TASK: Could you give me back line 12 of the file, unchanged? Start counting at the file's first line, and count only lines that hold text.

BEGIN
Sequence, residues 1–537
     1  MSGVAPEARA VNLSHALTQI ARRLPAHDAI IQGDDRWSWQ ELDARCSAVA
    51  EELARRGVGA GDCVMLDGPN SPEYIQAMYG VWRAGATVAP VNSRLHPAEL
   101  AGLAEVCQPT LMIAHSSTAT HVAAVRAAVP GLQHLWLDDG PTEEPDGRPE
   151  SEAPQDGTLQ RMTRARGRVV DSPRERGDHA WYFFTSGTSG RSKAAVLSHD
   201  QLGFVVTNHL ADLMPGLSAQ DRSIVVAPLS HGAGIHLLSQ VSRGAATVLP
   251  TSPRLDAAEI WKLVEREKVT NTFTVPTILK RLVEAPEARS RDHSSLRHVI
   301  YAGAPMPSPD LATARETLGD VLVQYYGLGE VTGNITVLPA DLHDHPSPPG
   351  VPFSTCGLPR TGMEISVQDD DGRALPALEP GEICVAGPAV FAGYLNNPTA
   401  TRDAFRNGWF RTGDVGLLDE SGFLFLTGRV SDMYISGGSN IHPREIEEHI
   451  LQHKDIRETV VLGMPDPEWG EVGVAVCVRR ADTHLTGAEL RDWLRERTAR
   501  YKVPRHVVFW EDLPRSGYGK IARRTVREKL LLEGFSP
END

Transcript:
   501  YKVPRHVVFW EDLPRSGYGK IARRTVREKL LLEGFSP